Postal seals are a necessity in dealing with letters and packages. What was sealed has a nasty habit of becoming unsealed. Paper gets caught in machines. Putting a package in a bag may cause damage to other contents. In short, paper is sometimes fragile.

The gummed seal or its self-stick relation takes care of these problems. Of course, there are times when postal authorities must open a letter or package to check contents. The postal seal is at hand to reseal. (Figure 1).

The postal seal isn’t the only one in the business - Customs & Excise has a legitimate need to open some parcels to look for contraband or check for smuggling. Their seals a different but yet serve the same purpose. (Figure 2).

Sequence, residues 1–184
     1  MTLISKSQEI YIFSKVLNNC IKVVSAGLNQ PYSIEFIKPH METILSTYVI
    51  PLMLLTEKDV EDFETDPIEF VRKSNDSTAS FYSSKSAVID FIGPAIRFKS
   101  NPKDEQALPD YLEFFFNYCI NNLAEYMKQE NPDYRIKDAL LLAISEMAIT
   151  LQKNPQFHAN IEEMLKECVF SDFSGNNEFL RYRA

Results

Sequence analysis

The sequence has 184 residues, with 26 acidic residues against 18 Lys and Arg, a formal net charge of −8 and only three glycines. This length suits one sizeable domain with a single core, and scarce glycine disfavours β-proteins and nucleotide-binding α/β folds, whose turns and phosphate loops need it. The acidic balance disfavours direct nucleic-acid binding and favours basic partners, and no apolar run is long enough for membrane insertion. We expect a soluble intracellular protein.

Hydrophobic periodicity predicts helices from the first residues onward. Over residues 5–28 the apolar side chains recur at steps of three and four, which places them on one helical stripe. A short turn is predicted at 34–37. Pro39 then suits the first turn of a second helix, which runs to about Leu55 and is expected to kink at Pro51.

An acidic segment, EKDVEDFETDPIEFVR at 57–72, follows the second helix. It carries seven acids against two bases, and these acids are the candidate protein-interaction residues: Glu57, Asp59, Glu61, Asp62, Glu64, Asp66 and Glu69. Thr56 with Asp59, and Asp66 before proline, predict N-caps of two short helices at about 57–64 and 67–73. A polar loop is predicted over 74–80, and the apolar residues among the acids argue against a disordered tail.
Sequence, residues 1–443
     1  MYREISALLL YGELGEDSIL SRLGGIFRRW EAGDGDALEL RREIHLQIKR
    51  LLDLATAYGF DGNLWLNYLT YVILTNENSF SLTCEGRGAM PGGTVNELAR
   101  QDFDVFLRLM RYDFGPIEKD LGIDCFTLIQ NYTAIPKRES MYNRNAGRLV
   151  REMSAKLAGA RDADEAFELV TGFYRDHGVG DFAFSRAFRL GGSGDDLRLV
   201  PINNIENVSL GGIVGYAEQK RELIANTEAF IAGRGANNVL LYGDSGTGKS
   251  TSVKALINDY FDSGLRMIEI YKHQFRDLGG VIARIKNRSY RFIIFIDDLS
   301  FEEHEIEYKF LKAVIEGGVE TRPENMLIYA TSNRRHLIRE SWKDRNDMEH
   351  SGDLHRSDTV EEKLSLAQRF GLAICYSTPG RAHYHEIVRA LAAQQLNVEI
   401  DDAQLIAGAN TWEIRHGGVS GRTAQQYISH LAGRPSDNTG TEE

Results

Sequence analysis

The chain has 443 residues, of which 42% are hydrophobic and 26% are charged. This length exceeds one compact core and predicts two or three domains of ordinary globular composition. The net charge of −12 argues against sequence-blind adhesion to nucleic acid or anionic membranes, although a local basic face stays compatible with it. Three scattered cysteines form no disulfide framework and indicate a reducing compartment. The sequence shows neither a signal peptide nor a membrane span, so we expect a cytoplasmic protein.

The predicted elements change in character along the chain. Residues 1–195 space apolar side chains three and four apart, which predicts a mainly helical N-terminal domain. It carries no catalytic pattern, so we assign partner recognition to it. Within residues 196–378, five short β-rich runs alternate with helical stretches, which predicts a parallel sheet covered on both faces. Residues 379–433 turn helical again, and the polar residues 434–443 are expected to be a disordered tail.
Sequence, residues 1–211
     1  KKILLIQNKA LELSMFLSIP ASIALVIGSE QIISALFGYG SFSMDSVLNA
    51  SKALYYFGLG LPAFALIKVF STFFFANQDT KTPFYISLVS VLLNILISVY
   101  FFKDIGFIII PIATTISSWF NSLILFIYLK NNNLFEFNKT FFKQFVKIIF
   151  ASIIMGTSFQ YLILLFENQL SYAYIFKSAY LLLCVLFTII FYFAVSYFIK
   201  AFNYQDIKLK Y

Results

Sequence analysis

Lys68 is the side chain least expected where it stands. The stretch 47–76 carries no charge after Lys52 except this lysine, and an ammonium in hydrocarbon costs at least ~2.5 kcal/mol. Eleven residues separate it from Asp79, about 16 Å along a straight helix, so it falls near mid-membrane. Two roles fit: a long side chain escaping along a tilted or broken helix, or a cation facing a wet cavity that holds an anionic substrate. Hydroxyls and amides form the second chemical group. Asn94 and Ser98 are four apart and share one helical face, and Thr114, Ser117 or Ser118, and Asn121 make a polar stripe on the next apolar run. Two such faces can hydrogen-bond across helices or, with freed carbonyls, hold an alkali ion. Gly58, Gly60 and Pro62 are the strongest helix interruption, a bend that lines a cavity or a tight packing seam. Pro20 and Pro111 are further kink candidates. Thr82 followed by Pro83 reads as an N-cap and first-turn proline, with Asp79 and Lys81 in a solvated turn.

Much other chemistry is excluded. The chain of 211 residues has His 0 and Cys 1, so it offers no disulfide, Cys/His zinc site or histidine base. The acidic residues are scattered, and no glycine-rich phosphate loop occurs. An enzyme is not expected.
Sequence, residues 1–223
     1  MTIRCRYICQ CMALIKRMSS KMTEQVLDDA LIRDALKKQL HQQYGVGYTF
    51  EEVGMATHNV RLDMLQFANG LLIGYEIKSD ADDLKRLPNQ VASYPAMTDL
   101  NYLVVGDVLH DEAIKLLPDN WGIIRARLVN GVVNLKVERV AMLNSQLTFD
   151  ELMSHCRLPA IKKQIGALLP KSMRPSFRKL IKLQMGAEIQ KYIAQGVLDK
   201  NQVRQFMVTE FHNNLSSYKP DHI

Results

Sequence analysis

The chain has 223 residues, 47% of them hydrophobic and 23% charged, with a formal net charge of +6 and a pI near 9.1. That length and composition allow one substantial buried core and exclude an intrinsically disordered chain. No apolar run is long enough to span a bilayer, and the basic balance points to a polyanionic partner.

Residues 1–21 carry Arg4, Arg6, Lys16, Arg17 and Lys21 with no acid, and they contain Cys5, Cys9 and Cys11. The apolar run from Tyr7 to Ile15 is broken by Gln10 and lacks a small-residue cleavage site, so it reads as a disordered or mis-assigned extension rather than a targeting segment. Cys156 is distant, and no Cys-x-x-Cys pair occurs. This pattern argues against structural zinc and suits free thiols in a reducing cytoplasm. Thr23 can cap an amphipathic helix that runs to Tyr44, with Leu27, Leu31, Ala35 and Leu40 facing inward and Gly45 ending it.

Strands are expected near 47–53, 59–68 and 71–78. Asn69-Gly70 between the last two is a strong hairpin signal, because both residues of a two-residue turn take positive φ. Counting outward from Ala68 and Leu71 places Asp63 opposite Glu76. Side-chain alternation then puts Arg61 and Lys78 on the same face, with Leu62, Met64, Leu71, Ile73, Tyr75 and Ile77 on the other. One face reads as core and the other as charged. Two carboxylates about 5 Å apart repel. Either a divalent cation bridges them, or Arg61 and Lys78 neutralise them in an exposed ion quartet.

Collectors will also find postal, censorship seals used to reseal covers after the censor’s scrutiny. These are covered in a separate discussions of World War I and II censored mail. Figure 3 shows an irish censor resealing label of World War II.

Figure 1 Official seal
Figure 2 Customs & Excise Seal

Return to the ABCs of Irish Philately

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Do you collect the stamps of Ireland? Are you interested in the postal history of Ireland? If the answer is yes, why not join our association, America's premiere Irish philatelic group. which specializes in all aspects of Irish philately? Click through for information on the benefits of membership and how to join.

Next Event

The next annual general meeting of the Éire Philatelic Association will be held in conjunction with NOJEX 2020 in Secaucus NJ.

Tentative schedule is October 2020.  Check this website for periodic updates.